And it's difficult to make fair comparisons between kWh figures unless they are all from periods of exactly the same length. Figures expressed in terms of power e. Power is the rate at which energy is generated or used. The kW is a unit of power. Strictly speaking energy isn't actually generated or used, it's converted from one form into another. Like how the energy stored in oil is converted into heat when you burn it. And like how the electricity that runs a fan is converted into the motion of the fan blade kinetic energy.
But this is a distinction that people generally don't worry about when they're staring at an excessive energy bill and wondering how they can "use" less energy. So power is a measure of how fast something is generating or using energy. The higher a building's kW, the faster that building is using energy. Joules per second makes it obvious that power is the rate at which energy is being generated or used.
It's like how miles per hour makes it obvious that speed is the rate at which distance is being travelled. James Watt The watt W is another unit of power. It doesn't make it quite so obvious what power means. But the watt is actually just another name for Joules per second. Just some bright spark decided that equations and whatnot would be simpler if power had its own unit instead of being expressed using units of energy and time together. And they named this unit after James Watt, the Scottish inventor who had an important hand in the development of the steam engine.
The watt W is a measure of power And the kilowatt kW is a measure of power too one kW being watts. Things that "generate power" Items of equipment like boilers, electricity generators, and wind turbines, take energy in one form e. There's a limit to how much useful stuff these things can generate, and that is expressed as the rate at which they can generate energy. Which is, by definition, their power. Consider a 10 kW wind turbine Provided it has the optimum level of wind which probably doesn't happen nearly as often as its owner would likeit can generate 10 kW of power.
How long does it take to generate 10 kW? That's a question that would only be asked by somebody that didn't understand what power was.
It's a bit like asking "how long does it take to travel 10 miles per hour?
How to Convert Watts into Kilowatt Hours | Sciencing
The two are closely connected, but we'll get to that shortly. Things that "use power" Items of electrical equipment like light bulbs, computers, and fans, take energy in the form of electricity, and use it to do useful things for us. Really they're converting the energy into other forms heat, motion etc. The rate at which these things use energy is their power. Or, depending on the thing, and the person you're talking to, you might hear it called their "load" or their "demand", or you might just hear it referred to in terms of a W or kW value.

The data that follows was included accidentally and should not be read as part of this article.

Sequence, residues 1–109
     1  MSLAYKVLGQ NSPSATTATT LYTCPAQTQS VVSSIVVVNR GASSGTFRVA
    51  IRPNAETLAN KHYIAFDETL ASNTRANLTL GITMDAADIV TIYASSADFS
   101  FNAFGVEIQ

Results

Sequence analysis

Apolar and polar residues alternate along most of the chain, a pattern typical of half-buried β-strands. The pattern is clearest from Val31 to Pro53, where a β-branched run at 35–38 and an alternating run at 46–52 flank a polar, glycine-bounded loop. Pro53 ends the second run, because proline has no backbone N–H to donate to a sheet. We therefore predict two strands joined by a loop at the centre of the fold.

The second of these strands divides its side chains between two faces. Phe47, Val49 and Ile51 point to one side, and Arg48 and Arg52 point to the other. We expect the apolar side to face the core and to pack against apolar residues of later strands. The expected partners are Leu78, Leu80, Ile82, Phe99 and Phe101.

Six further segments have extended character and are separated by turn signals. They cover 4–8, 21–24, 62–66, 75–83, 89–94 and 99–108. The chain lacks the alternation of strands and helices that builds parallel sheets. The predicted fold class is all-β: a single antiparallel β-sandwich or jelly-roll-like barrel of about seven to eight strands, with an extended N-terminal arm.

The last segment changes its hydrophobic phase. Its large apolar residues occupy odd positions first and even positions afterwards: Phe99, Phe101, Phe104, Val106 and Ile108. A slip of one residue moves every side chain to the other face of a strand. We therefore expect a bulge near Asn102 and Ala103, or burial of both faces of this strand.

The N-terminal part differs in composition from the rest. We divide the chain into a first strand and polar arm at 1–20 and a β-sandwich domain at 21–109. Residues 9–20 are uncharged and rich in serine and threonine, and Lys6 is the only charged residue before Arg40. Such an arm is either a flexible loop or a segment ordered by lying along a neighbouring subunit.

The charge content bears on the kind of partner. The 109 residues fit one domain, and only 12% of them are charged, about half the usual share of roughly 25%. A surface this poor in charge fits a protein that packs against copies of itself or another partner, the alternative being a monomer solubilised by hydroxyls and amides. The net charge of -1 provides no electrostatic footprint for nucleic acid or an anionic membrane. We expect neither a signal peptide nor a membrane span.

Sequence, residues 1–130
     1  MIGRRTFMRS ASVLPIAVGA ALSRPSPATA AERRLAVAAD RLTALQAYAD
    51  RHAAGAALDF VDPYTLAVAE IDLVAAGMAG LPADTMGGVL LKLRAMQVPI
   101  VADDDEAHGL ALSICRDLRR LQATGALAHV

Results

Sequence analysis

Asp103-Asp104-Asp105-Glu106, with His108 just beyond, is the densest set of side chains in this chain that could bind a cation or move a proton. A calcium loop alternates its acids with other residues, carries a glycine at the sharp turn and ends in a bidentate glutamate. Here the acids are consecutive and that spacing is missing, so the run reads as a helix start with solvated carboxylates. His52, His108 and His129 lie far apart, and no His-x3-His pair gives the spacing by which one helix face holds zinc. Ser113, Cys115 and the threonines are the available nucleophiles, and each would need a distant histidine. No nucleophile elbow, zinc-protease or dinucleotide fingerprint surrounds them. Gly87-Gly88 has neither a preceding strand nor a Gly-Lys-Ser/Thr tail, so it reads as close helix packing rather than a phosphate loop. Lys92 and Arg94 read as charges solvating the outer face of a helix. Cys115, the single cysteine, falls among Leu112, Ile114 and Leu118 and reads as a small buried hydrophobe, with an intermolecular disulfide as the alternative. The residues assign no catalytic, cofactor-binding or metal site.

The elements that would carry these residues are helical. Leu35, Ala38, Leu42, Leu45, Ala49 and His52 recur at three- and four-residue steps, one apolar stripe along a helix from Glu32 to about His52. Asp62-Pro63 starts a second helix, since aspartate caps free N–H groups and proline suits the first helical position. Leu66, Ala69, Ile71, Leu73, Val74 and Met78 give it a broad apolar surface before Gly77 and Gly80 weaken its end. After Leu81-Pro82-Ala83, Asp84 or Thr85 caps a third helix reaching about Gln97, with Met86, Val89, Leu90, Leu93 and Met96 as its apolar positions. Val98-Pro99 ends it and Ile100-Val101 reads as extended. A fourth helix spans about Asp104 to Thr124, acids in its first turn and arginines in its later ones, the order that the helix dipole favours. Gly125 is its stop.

Light bulbs are a simple example: The watts aren't affected by how long the W light bulb is running for A second, an hour, a day - no difference - so long as it's switched on it will be using W of power. It is simply a unit of measurement that equals the amount of energy you would use if you kept a 1, watt appliance running for an hour: So if you switched on a watt light bulb, it would take 10 hours to rack up 1 kWh of energy.
Or a 2, watt appliance would use 1 kWh in just half an hour. While a 50 watt item could stay on for 20 hours before it used 1 kWh. What else takes around 1 kilowatt hour?
- The differences between Power (Watts) and Energy (Kilowatts-hour, kWh)
- kW and kWh Explained
- What is a kWh? kW and kWh explained
A kilowatt is simply 1, watts, which is a measure of power. So, for example, the 10, watt electric shower in the top bullet point above could also be called a 10 kilowatt shower. A kilowatt hour kWh is a measure of energy. So a 1, watt drill needs 1, watts 1 kW of power to make it work, and uses 1 kWh of energy in an hour.
How many kilowatt hours should I be using each year? That depends on the size of your home, the number of people in your family, and whether you spend a lot of time out at work, or most of your time at home.
According to energy industry figures: If you live alone in a small home and are out at work full time, you might use 2, kWh of electricity a year and 9, kWh of gas A small family who live in a three-bedroom house and are in full-time work and education might use 3, kWh of electricity and 13, kWh of gas Four or five students sitting around all day in a large four-bedroom house could rack up about 4, kWh of electricity and 19, kWh of gas Can I use kWh to compare energy costs?